Nationale Vliegtuigindustrie Industrie
In 1921, a group of businessmen founded the N.V. Nationale Vliegtuig Industrie (National Aircraft Industry, Inc.), and hired Frederick Koolhoven as their chief designer. The company lasted only four years. N.V.I. turned out many technically advanced designs, which attracted attention from all over the world but virtually no orders.
In 1926 he became a consultant engineer at The Hague; then designed several aircraft, including the F.K.23A, a single-seat biplane fighter; F.K.29 three-seat commercial biplane; and F.K.31 two-seat high-wing monoplane which served in the pursuit, interception, and army observation roles, and F.K.41 three seat cabin monoplane.
At the demise of N.V.I., Koolhoven convinced several shareholders that the company would still have been viable if he had had complete control of the operations. So when N.V.I. was dissolved, its assets were taken over by a new company: N.V. Koolhoven Vliegtuigen (Koolhoven aircraft, Inc).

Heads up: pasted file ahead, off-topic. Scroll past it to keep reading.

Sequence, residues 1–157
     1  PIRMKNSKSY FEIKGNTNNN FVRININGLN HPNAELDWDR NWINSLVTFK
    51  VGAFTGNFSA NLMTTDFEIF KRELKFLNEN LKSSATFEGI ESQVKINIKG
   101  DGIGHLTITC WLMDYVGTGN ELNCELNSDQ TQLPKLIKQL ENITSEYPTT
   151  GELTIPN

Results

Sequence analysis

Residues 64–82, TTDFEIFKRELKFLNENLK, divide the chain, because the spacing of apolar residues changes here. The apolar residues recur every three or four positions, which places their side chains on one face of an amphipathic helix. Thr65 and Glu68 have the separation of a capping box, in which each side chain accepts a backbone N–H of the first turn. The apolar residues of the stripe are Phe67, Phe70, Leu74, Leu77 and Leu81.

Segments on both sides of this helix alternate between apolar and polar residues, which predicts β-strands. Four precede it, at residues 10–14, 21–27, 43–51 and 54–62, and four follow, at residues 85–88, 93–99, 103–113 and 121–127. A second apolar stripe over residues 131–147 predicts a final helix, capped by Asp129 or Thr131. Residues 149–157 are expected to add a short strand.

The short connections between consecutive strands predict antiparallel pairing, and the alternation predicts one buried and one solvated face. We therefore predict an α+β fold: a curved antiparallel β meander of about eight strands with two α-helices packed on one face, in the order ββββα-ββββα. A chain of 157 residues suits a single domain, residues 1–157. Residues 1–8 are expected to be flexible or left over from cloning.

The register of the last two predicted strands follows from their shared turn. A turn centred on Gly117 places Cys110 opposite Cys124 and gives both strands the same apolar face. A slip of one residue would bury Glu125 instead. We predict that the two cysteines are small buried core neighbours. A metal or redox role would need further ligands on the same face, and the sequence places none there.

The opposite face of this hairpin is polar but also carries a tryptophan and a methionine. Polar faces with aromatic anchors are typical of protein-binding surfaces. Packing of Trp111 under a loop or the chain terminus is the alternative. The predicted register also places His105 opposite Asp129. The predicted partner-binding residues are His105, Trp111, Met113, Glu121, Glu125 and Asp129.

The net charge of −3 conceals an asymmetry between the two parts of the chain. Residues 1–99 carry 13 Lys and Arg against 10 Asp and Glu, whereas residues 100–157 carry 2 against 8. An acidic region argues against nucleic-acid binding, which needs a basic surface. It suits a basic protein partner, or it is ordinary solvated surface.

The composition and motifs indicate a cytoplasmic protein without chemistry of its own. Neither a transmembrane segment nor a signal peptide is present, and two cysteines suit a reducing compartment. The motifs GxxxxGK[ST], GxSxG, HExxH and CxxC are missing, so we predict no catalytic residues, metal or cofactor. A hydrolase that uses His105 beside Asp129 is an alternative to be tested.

In 1934, when the NV Koolhoven Vlietuigen was formed, it was claimed that 51 F.K. types had been produced. More followed, including the F.K.52, an outstanding two-seat fighter biplane with cantilever undercarriage, and the F.K.58 single-seat fighter monoplane, ordered in quantity by France.
Apart from the Heidevogel of 1911, Koolhoven designed 59 aircraft, which he consecutively numbered FK-1 to FK-59. About half of this were design studies that were never built. Koolhoven designed projects FK-1 to FK-28 in England for Armstrong Whitworth and BAT, projects FK-29 to FK-34 for N.V.I. and projects FK-35 to FK-59 for his own company.